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Mass alert system sought to aid county in emergencies

Right now if a crisis like the one that hit the Charleston, W.Va., water supply in January happened in Lawrence County, getting the word out would be hit and miss.

But the county’s Emergency Management Agency wants to change that reality and the Lawrence County Commissioners have signed on.

“We haven’t had the capability to be able to provide a mass notification,” Mike Boster, director of the EMA, told the commissioners at their Tuesday work session.

“We have a big gap where we failed to develop a system to warn people.

Our capability needs to be improved.”

Boster’s solution is Everbridge, a California-based interventional communication alert company.

“It uses every mode,” he said. “There is a challenge to reach people not using a landline.”

Those who agree to sign up with Everbridge will be notified not only via landline, but cell phone, pager and social media.

“Everbridge meets our needs in a real significant way,” Boster said.

That’s why Boster applied and received a grant to cover 50 percent of the startup cost of $17,340. Already the Lawrence Emergency Planning Committee has committed $1,000. There will be a recurring annual fee of $16,240, of which 50 percent will be covered by an existing operating grant in the EMA budget.

Right now the commission has tentatively agreed to commit money from the half-percent sales tax fund that currently has $15,253 left unappropriated out of the $2,641,459 originally certified. However, if other partners can be found, such as the City of Ironton, schools or utilities, that commitment of $7,500 would be reduced.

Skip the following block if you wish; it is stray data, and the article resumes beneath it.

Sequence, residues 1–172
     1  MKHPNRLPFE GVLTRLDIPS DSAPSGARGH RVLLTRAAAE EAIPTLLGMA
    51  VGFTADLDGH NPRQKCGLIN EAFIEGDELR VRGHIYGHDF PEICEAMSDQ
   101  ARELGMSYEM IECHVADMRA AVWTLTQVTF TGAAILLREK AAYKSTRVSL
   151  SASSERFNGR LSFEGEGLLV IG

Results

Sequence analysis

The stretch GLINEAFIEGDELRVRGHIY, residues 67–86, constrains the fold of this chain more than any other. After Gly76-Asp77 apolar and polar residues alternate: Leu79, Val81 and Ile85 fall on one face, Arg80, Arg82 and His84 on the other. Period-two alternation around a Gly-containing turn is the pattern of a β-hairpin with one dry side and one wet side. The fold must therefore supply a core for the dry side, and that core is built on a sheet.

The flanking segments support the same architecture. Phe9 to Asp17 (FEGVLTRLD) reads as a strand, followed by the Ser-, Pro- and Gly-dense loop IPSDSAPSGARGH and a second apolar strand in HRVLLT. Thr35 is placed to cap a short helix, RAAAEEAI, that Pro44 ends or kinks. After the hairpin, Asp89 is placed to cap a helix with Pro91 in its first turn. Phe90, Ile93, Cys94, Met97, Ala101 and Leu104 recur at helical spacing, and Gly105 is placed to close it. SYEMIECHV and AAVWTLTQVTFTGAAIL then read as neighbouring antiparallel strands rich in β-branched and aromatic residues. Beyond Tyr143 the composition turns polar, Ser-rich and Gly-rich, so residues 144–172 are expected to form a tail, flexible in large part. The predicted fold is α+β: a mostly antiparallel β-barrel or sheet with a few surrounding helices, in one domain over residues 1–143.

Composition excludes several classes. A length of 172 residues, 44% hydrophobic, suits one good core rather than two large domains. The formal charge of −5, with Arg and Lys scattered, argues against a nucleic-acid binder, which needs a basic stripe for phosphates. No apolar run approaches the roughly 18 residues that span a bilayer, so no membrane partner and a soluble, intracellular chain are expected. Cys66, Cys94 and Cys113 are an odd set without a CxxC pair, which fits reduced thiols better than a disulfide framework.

“We are discussing with other agencies to see how many partners we could get to come along,” Commission President Les Boggs said. “This is something we need to do.”

The system could be used not only for the EMA, but also the sheriff’s office, the county EMS and the county engineer.

This summer the Kentucky Transportation Cabinet asked the county engineer’s office to notify Lawrence County residents about the closure of the Ben Williamson Bridge. Using a private company that could only reach registered voters via a robocall cost the county $1,400.

“This is very important in light of what happened over in West Virginia,” Commissioner Freddie Hayes said. “It is important for the safety for Lawrence County and I am 100 percent behind that.”